Strictly Jane Austen

Walking with Jane Austen

In this month’s blog, Jennie Batchelor,  Professor of Eighteenth-Century Studies at the University of Kent, looks at how Jane Austen’s love of walking found its way into her novels and offers a glimpse inside the wardrobe of a fashionable Regency walker.

Jane Austen’s letters are full of passing references to walks in cities, towns, or the countryside. She wasn’t a fair-weather stroller, either. It took quite appalling conditions to deter this self-styled ‘desperate’ walker from venturing out on foot.

Austen’s love of walking finds its way into each of her six completed novels. Sense and Sensibility’s Marianne Dashwood, of course, loves being out alone in the countryside. That ‘excellent walker’, Elizabeth Bennet, thinks nothing of walking several miles to visit her cold-ridden sister, Jane, in Pride and Prejudice, even though her petticoat ends up caked in inches of mud, much to Caroline Bingley’s horror. It’s true that Austen sometimes presents walking as a dangerous pursuit for women. Harriet Smith, for instance, gets into great distress after encountering a group of children who ask her for money in Emma. And Louisa Musgrove endures a significant injury while out on the Cobb at Lyme Regis in Persuasion, although strictly speaking, jumping is to blame here rather than walking.

Much more frequently, though, Jane Austen uses the love of walking to suggest a character’s integrity. We trust Mr. Knightley partly because of the steadiness of character he shows by walking miles a day rather than hopping into a carriage from Surrey to London to get a haircut like French Churchill does. We similarly admire Anne Elliot, in contrast to her self-absorbed sisters and father, because she prefers walking around the streets of Bath rather than seeing the city from the vantage point of a chair or carriage.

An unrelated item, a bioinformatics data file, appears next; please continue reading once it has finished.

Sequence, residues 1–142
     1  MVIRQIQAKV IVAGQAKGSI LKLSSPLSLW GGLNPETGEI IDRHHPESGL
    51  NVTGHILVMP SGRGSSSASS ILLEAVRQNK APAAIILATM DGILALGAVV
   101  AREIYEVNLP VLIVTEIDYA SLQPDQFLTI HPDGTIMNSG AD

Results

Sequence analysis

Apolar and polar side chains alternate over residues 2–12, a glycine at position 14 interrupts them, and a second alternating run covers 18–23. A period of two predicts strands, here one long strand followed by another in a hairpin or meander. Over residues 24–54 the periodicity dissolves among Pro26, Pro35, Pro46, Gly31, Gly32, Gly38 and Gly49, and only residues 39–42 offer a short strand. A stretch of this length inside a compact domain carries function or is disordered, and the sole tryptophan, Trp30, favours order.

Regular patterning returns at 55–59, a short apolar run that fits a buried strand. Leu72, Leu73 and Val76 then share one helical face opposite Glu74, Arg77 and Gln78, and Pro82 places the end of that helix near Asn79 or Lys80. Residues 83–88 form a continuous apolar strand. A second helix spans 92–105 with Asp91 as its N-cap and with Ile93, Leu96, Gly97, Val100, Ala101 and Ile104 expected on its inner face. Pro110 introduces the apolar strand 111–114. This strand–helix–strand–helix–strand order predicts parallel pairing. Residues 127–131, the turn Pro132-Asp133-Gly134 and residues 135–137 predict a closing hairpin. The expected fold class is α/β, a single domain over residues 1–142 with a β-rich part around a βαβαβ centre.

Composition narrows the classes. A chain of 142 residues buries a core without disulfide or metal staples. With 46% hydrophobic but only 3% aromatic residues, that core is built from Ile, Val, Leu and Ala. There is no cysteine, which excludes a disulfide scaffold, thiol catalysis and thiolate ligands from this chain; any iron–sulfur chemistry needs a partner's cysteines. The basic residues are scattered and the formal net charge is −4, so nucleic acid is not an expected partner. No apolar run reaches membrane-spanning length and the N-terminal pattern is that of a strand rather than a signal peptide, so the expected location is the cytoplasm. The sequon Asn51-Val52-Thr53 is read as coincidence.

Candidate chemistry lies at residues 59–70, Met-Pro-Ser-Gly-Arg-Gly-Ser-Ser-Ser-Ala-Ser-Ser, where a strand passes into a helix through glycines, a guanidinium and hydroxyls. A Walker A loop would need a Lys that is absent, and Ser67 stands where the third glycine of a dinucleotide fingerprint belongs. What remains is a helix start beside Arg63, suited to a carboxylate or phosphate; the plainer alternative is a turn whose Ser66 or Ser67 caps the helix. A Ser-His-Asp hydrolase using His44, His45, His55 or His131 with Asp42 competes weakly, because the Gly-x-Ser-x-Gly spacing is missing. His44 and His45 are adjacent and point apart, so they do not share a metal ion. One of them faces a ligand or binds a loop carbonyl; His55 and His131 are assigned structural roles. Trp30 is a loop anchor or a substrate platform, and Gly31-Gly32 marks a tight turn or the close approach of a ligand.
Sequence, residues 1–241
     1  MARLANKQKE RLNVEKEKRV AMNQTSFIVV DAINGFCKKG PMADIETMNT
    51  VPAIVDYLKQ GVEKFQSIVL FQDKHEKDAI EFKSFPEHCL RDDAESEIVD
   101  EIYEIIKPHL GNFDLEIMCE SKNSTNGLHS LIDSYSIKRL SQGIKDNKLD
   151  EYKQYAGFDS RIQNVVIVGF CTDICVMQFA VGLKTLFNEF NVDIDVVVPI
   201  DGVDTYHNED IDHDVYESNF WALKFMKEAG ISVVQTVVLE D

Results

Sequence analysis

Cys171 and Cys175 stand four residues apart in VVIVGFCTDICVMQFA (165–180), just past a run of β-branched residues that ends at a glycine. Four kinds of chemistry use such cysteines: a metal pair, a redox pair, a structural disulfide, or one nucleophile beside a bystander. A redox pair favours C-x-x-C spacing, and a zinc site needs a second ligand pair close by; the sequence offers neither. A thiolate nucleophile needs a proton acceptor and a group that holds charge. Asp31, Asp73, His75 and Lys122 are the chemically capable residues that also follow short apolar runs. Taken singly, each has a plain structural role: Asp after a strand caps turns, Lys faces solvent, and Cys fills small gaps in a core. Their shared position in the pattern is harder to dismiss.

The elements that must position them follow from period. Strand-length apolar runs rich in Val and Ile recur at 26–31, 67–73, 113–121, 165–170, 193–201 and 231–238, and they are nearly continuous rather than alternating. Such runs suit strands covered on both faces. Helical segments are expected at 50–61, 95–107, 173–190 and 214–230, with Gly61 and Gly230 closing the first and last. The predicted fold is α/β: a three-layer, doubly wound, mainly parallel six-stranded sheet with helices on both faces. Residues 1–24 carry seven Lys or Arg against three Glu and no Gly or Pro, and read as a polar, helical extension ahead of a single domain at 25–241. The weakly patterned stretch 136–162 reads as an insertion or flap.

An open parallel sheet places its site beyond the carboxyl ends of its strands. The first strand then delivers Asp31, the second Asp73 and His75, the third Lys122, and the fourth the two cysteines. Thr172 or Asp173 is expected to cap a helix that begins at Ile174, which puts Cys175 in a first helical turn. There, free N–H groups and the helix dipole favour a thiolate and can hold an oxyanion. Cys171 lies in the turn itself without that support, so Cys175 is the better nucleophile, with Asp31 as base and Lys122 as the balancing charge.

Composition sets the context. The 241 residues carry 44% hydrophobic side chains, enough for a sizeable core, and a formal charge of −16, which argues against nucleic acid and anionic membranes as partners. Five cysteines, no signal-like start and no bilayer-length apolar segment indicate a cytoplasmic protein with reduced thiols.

A New and Correct Plan of the City of Bath 1818, from the Mechanical Curator Collection, released to Flickr Commons by the British Library

Indeed, of all her novels, Persuasion contains the most references to walking, especially around Bath. The second half of the novel is littered with building and street names and architectural features that residents and visitors to the city would instantly have recognised. From Old Bridge to Milsom Street, Union Street and Gay Street, where Austen herself lived for a short time, we stroll through the city with Anne. We learn more about her and those she meets in her street encounters, particularly Admiral and Mrs. Croft, who we are told, walk around Bath ‘in happy independence’ as they bump into acquaintances, shake hands, and make conversation.

And it is in the streets of Bath, rather than in a drawing room, that the love story of Anne and Captain Wentworth finally reaches its resolution as the couple turn off Union Street to a ‘gravel walk, where the power of conversation would make the present hour a blessing indeed.

With the exception of Lizzy Bennet’s muddy petticoat, however, Austen doesn’t usually tell us what her characters are wearing on their strolls. There are a few hints in Persuasion, mostly to underline the fact that almost all of the Bath walks take place in autumnal rain. In fact, the reader’s first sight – or sound – of Bath is the clinking of pattens in the streets. Pattens, which we know Jane Austen and her sister Cassandra wore sometimes when walking – were overshoes on raised iron rings to protect women’s footwear from muddy or damp streets. They are music to Lady Russell’s ears but give the homesick Anne a headache.